/Division of Agriculture preliminary estimate: Floods, storms cause more than $200 million in crop damage in southeastern Arkansas

Division of Agriculture preliminary estimate: Floods, storms cause more than $200 million in crop damage in southeastern Arkansas

By Ryan McGeeney U of A System Division of Agriculture

Quick Particulars:

5 relyies embraced in estimate
600,000 acres of cropland impacted
Replanting in corn financialally unfeasible
Replanting in soybeans Extra probably to see significantly lowered yield

DUMAS — Farmers in five relyies in southeastern Arkansas suffered Greater than $200 million in direct losses to primary crops after The primary flooding and storm event in early June, Based mostly on a preliminary estimate by particularists with the College of Arkansas System Division of Agriculture said Monday.
John Anderson, economist with the Division of Agriculture and the Dale Bumpers School of Agricultural, Meals and Life Sciences, delivered the preliminary estimate all by way of a flood restoration meeting held Monday night On the Dumas Group Center.
Anderson was Definitely one of A few dozen particularists with the Division of Agriculture presenting crop-particular information and answering questions from the roughly 175 in-particular person and digital attendees.
The metropolis of Dumas, and the shut toby Division of Agriculture evaluation station at Rohwer, are On the emotional — if not pretty geographical — center of the flooding event, all by way of which Greater than 19 inches of rainfall was recorded in a 48-hour interval. The five relyies embraced Inside the damage estimate embrace Desha, house to each Dumas and Rohwer, Lonoke, Prairie, Jefferson and Drew relyies. The estimate Did not embrace Chicot County, the southeasternmost relyy Inside the state, although It is going to probably be impacted as floodwaters proceed To empty southward from Desha County on their Method to the Mississippi River.
Anderson said the estimates involved five primary crops: soybeans, rice, corn, cotton and wwarmth. The affiliated loss estimates amounted to $70 million every in soybeans and rice, $60 million in corn, $6 million in cotton and roughly $1 million in wwarmth and grain sorghum.
“That’s the place we stand right now,” Anderson said, noting that as relyies start to revise their estimates, these quantitys will probably change. He said the estimates Did not embrace particularty crops.
Vic Ford, affiliate Vice chairman for agriculture and pure assets for the Division of Agriculture, said that about 600,000 acres of cropland in southeastern Arkansas have been affected by the flooding event, with about half that submerged in a quantity of ft of water for an prolonged interval, Ford said.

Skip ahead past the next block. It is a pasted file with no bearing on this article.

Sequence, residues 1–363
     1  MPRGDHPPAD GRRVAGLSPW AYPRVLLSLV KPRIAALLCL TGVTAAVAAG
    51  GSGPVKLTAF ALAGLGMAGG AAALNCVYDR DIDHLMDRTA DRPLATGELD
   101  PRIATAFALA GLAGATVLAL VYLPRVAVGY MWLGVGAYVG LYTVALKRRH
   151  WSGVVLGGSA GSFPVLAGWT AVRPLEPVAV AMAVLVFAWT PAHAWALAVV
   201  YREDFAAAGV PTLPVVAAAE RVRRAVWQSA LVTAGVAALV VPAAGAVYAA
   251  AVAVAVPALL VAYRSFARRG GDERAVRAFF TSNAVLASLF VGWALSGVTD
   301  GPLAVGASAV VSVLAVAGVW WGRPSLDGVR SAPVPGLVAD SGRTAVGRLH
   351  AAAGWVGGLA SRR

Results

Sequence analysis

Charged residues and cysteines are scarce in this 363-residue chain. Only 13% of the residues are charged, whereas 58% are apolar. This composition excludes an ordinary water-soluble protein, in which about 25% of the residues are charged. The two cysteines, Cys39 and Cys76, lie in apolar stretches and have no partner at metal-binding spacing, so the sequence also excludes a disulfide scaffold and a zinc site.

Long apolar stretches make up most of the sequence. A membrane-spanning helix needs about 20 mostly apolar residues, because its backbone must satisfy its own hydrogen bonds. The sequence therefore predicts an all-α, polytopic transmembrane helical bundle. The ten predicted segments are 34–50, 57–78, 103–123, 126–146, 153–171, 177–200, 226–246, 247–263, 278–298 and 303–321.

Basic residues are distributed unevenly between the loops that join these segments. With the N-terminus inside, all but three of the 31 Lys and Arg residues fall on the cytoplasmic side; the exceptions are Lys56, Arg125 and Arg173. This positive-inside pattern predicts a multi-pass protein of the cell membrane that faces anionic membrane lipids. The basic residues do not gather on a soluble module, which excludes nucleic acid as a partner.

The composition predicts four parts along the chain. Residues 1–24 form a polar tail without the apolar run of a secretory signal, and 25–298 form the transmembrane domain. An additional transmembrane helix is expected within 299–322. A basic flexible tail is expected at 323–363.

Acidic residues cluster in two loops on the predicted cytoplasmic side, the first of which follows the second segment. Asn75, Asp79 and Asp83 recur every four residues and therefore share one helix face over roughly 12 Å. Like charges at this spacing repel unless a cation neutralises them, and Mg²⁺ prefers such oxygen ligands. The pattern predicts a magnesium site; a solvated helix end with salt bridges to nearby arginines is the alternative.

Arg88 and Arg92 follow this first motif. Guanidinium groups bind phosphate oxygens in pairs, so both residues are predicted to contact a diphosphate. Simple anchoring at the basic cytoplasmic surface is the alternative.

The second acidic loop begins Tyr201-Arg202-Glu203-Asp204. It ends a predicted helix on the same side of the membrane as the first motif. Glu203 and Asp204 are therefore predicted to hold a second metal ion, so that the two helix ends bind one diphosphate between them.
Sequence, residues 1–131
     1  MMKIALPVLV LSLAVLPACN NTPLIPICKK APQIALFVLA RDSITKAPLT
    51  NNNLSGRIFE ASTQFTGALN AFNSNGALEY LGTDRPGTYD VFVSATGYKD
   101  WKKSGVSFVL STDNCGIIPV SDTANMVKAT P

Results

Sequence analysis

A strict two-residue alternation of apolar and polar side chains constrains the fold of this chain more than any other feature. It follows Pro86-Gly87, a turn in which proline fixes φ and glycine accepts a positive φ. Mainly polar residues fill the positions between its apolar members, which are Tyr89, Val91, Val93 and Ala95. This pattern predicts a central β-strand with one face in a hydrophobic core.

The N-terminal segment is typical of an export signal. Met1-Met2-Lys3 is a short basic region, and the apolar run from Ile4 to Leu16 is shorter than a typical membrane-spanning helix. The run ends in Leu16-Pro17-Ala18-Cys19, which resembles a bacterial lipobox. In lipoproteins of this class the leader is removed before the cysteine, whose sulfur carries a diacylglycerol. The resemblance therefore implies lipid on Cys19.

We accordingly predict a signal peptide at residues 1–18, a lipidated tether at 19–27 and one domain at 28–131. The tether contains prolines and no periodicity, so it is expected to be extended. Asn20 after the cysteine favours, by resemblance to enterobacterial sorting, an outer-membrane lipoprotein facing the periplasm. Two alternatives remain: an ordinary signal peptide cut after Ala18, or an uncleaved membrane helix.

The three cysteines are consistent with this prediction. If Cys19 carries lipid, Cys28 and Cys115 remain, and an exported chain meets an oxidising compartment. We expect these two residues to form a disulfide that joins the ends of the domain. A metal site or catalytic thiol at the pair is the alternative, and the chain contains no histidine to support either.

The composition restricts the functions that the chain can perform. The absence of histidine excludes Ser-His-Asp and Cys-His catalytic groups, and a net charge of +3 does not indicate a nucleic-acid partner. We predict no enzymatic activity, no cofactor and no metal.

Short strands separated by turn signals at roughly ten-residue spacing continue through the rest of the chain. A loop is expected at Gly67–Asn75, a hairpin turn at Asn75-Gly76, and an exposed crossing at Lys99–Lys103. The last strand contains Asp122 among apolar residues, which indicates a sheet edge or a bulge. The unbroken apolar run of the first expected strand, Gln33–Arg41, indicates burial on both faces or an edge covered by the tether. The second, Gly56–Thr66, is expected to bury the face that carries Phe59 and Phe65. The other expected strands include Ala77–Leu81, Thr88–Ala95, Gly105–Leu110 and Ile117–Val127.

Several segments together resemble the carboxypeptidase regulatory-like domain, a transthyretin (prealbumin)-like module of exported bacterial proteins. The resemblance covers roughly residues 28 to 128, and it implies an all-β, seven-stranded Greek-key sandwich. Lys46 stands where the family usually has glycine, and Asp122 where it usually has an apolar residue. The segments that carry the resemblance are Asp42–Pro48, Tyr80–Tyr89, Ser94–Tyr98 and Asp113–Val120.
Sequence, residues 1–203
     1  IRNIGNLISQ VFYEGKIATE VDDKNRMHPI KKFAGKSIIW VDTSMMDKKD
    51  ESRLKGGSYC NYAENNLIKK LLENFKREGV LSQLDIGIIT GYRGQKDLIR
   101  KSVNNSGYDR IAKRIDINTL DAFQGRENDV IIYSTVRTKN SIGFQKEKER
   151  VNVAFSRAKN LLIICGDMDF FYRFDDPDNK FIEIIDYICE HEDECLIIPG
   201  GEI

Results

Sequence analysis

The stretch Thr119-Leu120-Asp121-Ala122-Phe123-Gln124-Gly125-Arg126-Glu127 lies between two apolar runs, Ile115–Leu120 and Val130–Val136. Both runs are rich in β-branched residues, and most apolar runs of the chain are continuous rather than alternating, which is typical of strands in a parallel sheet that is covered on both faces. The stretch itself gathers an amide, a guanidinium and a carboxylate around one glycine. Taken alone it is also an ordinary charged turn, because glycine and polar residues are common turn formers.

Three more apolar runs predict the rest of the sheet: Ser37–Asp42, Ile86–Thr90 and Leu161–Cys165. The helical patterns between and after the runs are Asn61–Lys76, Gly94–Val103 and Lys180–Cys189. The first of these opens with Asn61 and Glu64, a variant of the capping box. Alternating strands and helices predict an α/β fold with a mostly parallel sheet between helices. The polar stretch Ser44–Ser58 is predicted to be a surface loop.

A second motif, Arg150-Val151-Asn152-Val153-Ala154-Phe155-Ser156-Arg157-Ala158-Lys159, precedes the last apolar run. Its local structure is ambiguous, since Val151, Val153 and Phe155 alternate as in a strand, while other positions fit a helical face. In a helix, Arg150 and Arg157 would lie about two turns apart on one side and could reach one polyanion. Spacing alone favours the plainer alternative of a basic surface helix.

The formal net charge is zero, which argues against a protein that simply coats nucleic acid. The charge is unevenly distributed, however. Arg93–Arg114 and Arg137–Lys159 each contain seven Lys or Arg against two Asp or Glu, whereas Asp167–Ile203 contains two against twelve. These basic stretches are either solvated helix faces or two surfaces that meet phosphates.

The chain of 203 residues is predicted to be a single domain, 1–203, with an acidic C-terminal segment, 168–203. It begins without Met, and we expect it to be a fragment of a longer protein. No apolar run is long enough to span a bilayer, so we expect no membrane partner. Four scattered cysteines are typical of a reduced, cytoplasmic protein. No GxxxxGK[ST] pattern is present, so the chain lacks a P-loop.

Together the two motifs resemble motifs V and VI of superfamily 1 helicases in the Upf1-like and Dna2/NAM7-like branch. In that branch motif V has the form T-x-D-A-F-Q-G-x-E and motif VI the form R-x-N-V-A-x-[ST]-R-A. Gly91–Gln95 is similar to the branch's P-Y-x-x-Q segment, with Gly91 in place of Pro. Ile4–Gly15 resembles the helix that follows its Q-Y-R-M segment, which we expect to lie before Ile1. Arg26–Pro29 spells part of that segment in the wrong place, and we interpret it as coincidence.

He said growers farming crops Contained in the 300,000 closely affected acre space have been probably dealing with complete crop loss for the season.

Invoice Robertson, extension cotton agronomist for the Division of Agriculture, said about 4.5 To five % of the cotton crop in southeastern Arkansas had been misplaced to flood damage in June.
Robertson said that Inside the wake of the flood, many cotton growers Might want to plow the soil To interrupt the floor crust so thOn the soil can breathe.
“However As quickly as we Do this, We now Need to be very cautious To not destroy the roots That are there, as a Outcome of cotton tends to be shallow-rooted Inside these circumstances,” Robertson said.
Robertson warned Once against over-irrigating and over-fertilizing once the floodwaters drain off and The complete warmth of summer time is upon the land.
“We’ve acquired A lot of potential methods to shoot ourselves Inside the foot,” he said.
He said growers Might Even be tempted to overcompensate for perceived losses in nitrogen by making use of further fertilizer on areas that had already been appropriately fertilized Inside the spring.
“After A fast time, the oxygen will get deeper into the soil, and we’ll get A great deep root system on the cotton crops Once again,” Robertson said. “However when the plant picks up all that nitrogen we’re placing out, Then you undoubtedly’ve acquired a plant that’s in extreme gear, going as fast Because it could go at Some extent Inside the season As quickly as we’re wanting it to Deceleprice for harvest.”

Jeremy Ross, extension soybean agronomist for the Division of Agriculture, said growers ought To behave fastly To evaluate how a lot of their soybean crop is salvageable, and What quantity of acres They’ve to purpose to replant.
“Proper now, on soybeans, The primary factor is evaluating what we’ve acquired,” Ross said. “Do You’d like to’re Taking A look at replanting, enhance your seeding price 10-15 % over what you’ve been doing beneath regular manufacturing practices.”
Ross cautioned, by no meanstheless, that most yield Is truly out of revery for soybeans planted this late Inside the season.
“Daily we delay getting beans into The beneathside, we’re dropping yield,” he said. “By June 15, we’ve already misplaced 22 % of most yield. So as of right now, we’re Taking A look at maybe 30 % yield loss.”